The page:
Content of the material

- What Is Square Footage?
- Video
- Convert among square inch, square foot, square yard and square meter
- How much to allow for waste?
- Tips For Determining Square Footage
- What to leave out
- How to find the square footage of a circle
- 3. What is Net Assignable Square Feet?
- How to Calculate Net Assignable Square Feet
- How to calculate how many pieces of bullnose you will need?
- What Rooms Are Included in Square Footage?
- How to Calculate the Square Feet of a Home or Residence
- How to Calculate Price per Sq Ft
- Square feet to cubic feet

## What Is Square Footage?

The square footage of a property is a measurement of its living space calculated in square feet. One square foot is measured by marking out a square of space with each side measuring one foot. The total square footage of a property is the total number of one-foot squares of livable floor space. A property’s square footage can impact its appraisal value (which is a measure of a house’s market value) or how much you pay in property tax on your home.

There are no national standards in the US for measuring the square footage of a home, and the standards typically vary by state. However, the American National Standards Institute (ANSI) outlines certain standards to help professionals and homebuyers accurately measure the square footage of a home. For example, an appraiser following ANSI standards will only factor measurements of a house’s “finished” spaces accessible by heating or cooling systems and under a home’s ceiling into the home’s square footage calculation.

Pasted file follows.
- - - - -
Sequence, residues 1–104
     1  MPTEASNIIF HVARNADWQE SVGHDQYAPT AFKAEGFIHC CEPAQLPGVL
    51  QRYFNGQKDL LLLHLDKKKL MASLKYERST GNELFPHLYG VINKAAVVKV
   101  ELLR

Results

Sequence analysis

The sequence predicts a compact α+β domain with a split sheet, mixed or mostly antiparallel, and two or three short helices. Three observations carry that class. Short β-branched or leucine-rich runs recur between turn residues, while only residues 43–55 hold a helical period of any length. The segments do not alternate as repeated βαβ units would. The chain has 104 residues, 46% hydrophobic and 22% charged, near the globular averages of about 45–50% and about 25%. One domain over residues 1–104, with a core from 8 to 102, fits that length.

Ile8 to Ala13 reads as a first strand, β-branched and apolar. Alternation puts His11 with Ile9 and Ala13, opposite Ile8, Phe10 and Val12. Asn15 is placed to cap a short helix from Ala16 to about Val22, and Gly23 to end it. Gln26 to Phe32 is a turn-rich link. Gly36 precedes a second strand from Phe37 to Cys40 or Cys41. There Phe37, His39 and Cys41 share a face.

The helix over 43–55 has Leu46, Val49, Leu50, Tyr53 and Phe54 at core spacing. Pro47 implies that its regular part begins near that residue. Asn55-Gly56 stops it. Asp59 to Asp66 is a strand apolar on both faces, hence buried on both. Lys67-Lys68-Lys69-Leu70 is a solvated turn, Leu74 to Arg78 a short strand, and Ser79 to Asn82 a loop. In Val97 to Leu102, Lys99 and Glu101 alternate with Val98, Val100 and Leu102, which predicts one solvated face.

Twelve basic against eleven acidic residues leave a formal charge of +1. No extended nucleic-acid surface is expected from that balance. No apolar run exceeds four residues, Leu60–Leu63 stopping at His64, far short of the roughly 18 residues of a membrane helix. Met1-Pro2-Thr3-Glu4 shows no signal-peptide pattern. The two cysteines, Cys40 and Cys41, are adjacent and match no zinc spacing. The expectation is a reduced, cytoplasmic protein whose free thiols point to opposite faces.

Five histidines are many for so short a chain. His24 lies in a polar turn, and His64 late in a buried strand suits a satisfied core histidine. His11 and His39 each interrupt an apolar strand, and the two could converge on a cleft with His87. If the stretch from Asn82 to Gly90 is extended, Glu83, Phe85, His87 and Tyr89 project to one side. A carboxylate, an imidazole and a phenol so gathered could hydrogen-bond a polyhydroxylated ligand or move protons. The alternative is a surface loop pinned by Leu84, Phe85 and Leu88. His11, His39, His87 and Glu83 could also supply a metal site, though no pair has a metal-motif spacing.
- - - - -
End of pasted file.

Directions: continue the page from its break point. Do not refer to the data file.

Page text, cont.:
## Video

## Convert among square inch, square foot, square yard and square meter

You could, for example, perform all of your measurements in inches or centimeters, calculate area in square inches or square centimeters then convert your final answer to the unit you need such as square feet or square meters.

To convert among square feet, yards and meters use the following conversion factors. For other units use our calculator for area conversions.

- Square Feet to Square Inches
- multiply ft
^{2}by 144 to get in^{2}

- multiply ft
- Square Feet to Square Yards
- multiply ft
^{2}by 0.11111 to get yd^{2}

- multiply ft
- Square Feet to Square Meters
- multiply ft
^{2}by 0.092903 to get m^{2}

- multiply ft
- Square Yards to Square Feet
- multiply yd
^{2}by 9 to get ft^{2}

- multiply yd
- Square Yards to Square Meters
- multiply yd
^{2}by 0.836127 to get m^{2}

- multiply yd
- Square Meters to Square Inches
- multiply m
^{2}by 1,550 to get in^{2}

- multiply m
- Square Meters to Square Feet
- multiply m
^{2}by 10.7639 to get ft^{2}

- multiply m
- Square Meters to Square Yards
- multiply m
^{2}by 1.19599 to get yd^{2}

- multiply m

## How much to allow for waste?

To allow for waste, you must consider the installation. For most standard installations, 10% extra for waste is sufficient. Percentage of waste for more elaborate patterns like running tile on a 45 degree angle, herringbone or cross hatch, consult with your installer. Add 15% for tile being installed in a room with lots of jogs and corners. These installations will require more cuts and thus more waste.